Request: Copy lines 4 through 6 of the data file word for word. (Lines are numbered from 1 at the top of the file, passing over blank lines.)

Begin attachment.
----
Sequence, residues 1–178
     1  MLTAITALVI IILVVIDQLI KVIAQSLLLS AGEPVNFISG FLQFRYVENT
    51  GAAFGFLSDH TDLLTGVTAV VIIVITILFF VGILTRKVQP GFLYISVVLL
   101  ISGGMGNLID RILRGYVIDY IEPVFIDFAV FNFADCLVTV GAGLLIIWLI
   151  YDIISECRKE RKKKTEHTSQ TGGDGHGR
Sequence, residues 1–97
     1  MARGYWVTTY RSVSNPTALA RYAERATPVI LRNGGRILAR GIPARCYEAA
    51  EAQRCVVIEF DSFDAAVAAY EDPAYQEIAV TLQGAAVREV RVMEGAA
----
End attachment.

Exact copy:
   101  ISGGMGNLID RILRGYVIDY IEPVFIDFAV FNFADCLVTV GAGLLIIWLI
   151  YDIISECRKE RKKKTEHTSQ TGGDGHGR
Sequence, residues 1–97